Aging Expectations

News – Life Expectancy, Healthy or Not?

News You Need

By now you know that I am a positive aging advocate. It is so important that people begin to think about or continue to think about aging in healthier and happier ways.

It’s important that people consider living a long life.

Now, when I say long life, most people think about 80 maybe 90. They hardly even consider 100. When I tell them that I am looking forward to 120 years, they look at me like I’m crazy (which I may be but for other reasons).

I truly believe that if we think it, we can make 120 a natural thought about lifespan length.

The main objection I receive when I give my 120 response is, “Yeah, but what kind of life is that going to be? I don’t want to be that old and sick, lying in bed, not knowing anyone.”

Agreed. I don’t want to live that way either.

However, I don’t plan on living like that. So it is important to make a distinction between HALE and LE.

HALE is HeAlthy Life Expectancy. It is the average number of years that a person can expect to live in “full health” by taking into account years lived in less than full health due to disease and/or injury.*

LE is Life Expectancy. Average number of years that a newborn is expected to live if current mortality rates continue to apply.*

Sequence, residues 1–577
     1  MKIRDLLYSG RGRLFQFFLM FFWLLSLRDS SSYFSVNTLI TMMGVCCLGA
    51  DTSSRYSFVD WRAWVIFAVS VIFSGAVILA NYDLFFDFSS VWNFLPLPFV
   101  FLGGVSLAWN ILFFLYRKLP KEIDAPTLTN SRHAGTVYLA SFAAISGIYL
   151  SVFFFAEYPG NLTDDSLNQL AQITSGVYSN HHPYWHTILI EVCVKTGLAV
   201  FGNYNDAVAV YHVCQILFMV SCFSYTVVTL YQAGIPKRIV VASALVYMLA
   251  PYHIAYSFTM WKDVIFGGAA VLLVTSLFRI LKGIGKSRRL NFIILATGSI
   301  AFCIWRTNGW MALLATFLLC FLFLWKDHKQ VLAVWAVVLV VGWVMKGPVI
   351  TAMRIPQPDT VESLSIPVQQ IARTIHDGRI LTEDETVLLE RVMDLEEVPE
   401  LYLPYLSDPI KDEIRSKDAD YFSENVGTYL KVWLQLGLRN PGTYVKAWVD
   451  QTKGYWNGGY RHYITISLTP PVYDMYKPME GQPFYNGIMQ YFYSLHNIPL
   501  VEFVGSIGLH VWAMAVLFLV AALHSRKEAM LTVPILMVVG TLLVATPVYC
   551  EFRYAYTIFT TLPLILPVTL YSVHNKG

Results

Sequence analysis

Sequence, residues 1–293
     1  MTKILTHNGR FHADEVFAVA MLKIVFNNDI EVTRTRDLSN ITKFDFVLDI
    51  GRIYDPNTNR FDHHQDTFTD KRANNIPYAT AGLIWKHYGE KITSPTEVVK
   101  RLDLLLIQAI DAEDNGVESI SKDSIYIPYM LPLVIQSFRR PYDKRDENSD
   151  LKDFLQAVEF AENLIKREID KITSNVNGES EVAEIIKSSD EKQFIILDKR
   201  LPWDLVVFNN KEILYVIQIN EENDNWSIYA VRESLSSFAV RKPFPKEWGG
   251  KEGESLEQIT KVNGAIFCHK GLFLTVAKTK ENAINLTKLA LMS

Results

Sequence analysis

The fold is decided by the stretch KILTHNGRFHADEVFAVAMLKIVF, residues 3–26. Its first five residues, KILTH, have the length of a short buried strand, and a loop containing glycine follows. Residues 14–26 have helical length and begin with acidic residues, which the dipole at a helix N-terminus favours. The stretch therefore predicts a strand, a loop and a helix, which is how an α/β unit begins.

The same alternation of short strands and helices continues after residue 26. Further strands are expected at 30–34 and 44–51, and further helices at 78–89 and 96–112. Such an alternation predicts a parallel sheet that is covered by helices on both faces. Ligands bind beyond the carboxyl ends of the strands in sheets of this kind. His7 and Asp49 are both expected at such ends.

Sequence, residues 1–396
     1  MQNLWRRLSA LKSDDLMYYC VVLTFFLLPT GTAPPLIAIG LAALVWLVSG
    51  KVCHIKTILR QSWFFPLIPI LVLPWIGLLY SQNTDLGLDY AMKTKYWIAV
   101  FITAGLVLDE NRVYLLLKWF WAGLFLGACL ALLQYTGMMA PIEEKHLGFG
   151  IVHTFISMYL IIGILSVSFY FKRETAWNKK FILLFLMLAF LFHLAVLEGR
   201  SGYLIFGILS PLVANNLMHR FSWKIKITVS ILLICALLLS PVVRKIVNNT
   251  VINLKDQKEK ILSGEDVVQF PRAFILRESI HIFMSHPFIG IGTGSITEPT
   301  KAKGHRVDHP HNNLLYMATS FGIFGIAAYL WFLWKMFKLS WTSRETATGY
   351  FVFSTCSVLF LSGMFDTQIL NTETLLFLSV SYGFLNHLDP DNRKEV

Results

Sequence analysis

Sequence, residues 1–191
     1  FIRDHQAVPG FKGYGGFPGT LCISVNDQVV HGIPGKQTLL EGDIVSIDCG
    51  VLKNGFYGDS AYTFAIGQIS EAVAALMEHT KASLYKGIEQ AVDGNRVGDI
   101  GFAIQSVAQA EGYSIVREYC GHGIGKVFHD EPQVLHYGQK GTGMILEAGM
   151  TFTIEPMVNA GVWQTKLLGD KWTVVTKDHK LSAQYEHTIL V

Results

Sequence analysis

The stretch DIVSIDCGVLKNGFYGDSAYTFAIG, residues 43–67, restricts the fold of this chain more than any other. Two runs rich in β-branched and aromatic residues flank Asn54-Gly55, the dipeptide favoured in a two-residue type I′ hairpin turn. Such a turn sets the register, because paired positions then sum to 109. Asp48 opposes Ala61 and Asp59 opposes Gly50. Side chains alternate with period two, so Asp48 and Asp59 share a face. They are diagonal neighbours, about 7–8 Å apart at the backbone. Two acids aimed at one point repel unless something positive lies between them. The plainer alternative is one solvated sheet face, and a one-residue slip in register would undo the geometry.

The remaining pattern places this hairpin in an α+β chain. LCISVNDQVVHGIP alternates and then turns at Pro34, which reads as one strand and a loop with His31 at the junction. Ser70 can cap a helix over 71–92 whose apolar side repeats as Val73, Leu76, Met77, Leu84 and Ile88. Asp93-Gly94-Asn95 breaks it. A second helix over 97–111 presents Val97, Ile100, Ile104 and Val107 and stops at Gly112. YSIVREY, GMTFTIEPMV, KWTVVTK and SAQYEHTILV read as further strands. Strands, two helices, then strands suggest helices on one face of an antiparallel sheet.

In our last news article, What is Killing Us?, we discussed life expectancy (LE). You can review it by clicking here.

In continuing to look at the United States Census Bureau’s report called An Aging World, which you can read in its entirety by clicking here, I wanted to bring this distinction and some details to you related to their findings.

In the graphic below, they analyze country by country data on HALE versus LE.

Hale vs le

Looks pretty, right? But, what does it mean?

Here’s what they are telling us:

  • The 0 point on the scale indicates age 65.
  • The dark shaded areas in red and blue indicate how many additional HALE years they live after 65.
  • The lighter shaded areas in red and blue indicate how many years they will live after 65.
  • Red indicates women.
  • Blue indicates men.

Here are some interesting things to note:

  • Although French women live the longest in European countries, it is the women in Norway and Sweden who have the greater HALE.
  • The biggest obstacles in creating HALE were seen to be tobacco use and obesity.
  • Although the US is one of the wealthiest countries, is not one of the healthiest (although with all the talk around healthcare, I’m sure this is news to nobody).
  • The US does have a higher survival after age 75 than many high-income countries, lower current smoking rates, and better management of hypertension.

How to increase your HALE (at the very minimum):

  • engage in physical activity – even disabled elders benefit from engaging in physical activity
  • shed excess weight
  • don’t buy into the theory that if you have bad genes, your life is ruined – genes relate to less than one-third of longevity chances

Next time, we will talk more about Life Expectancy and what trends the WHO has noted in their report. Spoiler alert: it is very interesting!


*Definitions provided by WHO.

Sunflower Sunset by Anthony Quintano is licensed under CC by Aging Expectations.

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